When you think about the eventual unification of the Windows RT and Windows Phone platforms, a number of thoughts probably go through your mind. But such a grand vision requires smaller, more pragmatic steps, especially in the early stages. The first such step was the unification of the Store infrastructure for both platforms. And the second step was announced this week, with Microsoft now unifying the developer programs for Windows Store and Windows Phone.
I wrote about Microsoft's plans to unify Windows RT and Windows Phone back in September in Microsoft Strategy Update: Windows RT and Windows Phone. And around the time that Microsoft unified the teams responsible for Windows Store and Windows Phone Store, I noted that the firm also dramatically raised the limit on Windows 8.x/RT app installs, paving the way for a future in which the two platforms were merged.
This week, Microsoft announced the next logical step: It is merging, or unifying, its currently separate Windows Store (Windows 8.x and RT) and Windows Phone developer programs.
"I'm pleased to announce a unified registration experience for both Windows Store and Windows Phone developers, available at a lower cost," Todd Brix wrote in a post to the Windows App Builder Blog. "As a result of these changes, Windows Store developers are now also Windows Phone developers, and Windows Phone developers are also Windows Store developers."
Here's what's changing.
Cost. In keeping with a previous change to the Windows Phone Developer program, an individual developer account is now just $19 per year, while companies will pay $99 per year.
Existing developers get one more year for free. Developers who have already registered with both the Windows Store and Windows Phone developers programs will receive a code entitling them to another free year of the new unified developer program.
Windows Store developers are now Windows Phone developers. Registered Windows Store developers can now submit apps to the Windows Phone Store at no additional cost, using the same Microsoft account.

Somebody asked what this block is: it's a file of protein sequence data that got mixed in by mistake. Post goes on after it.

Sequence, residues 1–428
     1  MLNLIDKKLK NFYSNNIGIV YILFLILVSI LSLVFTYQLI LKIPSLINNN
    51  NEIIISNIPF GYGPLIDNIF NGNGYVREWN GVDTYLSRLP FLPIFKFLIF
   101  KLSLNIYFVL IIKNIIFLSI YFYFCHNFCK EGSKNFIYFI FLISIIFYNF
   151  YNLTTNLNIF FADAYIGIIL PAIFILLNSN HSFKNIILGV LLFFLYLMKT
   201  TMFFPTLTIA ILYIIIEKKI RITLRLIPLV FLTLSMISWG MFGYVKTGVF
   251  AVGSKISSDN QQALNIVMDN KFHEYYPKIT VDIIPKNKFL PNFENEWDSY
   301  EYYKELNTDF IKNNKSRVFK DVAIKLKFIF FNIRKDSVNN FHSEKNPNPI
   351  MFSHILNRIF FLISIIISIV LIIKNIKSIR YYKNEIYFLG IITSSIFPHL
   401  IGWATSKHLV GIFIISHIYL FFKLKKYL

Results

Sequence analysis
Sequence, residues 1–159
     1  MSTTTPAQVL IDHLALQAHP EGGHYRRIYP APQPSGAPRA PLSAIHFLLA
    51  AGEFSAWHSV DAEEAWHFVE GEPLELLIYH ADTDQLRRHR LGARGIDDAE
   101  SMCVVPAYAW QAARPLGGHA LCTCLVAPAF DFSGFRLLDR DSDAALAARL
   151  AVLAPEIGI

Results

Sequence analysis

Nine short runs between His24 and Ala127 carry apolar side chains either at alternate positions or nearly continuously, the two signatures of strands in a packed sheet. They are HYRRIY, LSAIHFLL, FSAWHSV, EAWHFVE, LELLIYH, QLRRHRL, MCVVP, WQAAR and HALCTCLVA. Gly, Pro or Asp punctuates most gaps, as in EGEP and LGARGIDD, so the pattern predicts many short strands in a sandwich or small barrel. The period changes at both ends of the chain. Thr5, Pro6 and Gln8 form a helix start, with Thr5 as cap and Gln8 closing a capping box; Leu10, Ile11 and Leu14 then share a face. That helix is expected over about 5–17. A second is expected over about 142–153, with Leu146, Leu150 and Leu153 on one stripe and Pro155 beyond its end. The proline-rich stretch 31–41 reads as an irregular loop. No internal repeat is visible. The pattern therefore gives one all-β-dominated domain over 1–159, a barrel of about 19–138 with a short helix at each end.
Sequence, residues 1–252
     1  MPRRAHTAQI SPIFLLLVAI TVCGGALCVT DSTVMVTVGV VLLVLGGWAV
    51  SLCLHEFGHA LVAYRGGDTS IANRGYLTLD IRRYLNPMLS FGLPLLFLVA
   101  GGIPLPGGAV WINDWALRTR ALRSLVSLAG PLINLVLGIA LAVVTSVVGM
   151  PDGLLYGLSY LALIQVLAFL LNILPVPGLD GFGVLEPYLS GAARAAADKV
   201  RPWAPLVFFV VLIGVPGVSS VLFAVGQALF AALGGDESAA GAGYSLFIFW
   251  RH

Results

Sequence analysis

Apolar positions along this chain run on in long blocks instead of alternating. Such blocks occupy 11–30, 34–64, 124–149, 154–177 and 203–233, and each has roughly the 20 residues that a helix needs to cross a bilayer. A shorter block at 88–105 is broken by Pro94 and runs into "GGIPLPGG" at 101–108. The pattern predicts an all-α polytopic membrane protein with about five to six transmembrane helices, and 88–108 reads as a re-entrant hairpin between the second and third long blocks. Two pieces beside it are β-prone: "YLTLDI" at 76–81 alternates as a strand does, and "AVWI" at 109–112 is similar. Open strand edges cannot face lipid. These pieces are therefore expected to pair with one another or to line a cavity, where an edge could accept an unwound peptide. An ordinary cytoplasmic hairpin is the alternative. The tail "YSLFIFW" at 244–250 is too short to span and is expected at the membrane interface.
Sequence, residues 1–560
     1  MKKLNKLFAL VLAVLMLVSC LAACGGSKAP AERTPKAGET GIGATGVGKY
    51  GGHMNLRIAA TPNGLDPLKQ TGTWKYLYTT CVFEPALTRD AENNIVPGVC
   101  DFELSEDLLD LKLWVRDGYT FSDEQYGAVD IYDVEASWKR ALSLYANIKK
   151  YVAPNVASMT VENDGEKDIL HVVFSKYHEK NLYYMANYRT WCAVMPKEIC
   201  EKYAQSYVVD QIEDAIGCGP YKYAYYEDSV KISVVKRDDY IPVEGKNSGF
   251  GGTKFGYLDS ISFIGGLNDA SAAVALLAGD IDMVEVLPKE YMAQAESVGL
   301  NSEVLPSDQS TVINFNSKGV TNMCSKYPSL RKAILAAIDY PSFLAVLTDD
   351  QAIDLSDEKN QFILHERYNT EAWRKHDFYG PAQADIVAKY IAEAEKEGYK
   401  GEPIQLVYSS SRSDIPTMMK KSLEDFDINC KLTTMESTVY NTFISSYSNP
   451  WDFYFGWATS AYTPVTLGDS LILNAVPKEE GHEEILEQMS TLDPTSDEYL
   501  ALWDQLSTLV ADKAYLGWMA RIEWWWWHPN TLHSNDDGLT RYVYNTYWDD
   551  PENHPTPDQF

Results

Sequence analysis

Windows Phone developers are now Windows Store developers. Registered Windows Phone developers can now submit apps to the Windows Store at no additional cost, using the same Microsoft account.
Developer dashboards. For now, the developer dashboards for Windows Store and Windows Phone developers will remain separate.
Students. No changes here: Students continue to be supported through the DreamSpark program.
Finally, Microsoft and Nokia are also offering prizes to those individuals who create the same app for both Windows Store and Windows Phone. Check out Publish a new app for Windows Phone or port an existing Windows Store app and Bring your Windows Phone app to Windows 8.1 for the details.
For users of these platforms, here's something to chew on.
When Microsoft releases Halo: Spartan Assault for both Windows Store (Windows 8 and RT) and Windows Phone, many users of both platforms noted, with much deserved complaining, that these apps were essentially "separate" in that they required separate $6.99 purchases on each platform even though the games are basically identical. (I noted this fact in my review.) When a user buys a game (or app) on iOS or Android, this doesn't happen: As long as the game supports multiple form factors, you can play it on whatever devices you own.
This step of unifying the developer programs is one step towards erasing the problem highlighted by Halo: Spartan Assault. That is, over time, "Windows" will grow from an API/SDK/tools standpoint to encompass the currently-separate Windows Store and Windows Phone platforms. And developers will be able to create, publish and sell a single app (albeit with multiple executables, as is the case today with Windows Store apps) that run across Windows versions on PCs, tablets and phones.
The limitation today isn't just semantics. Windows Store and Windows Phone really are different platforms. And while Microsoft perhaps could have and should have done something to help Halo fans buy that game just once, the steps it's taking now will help everyone broadly, going forward. It's a positive change.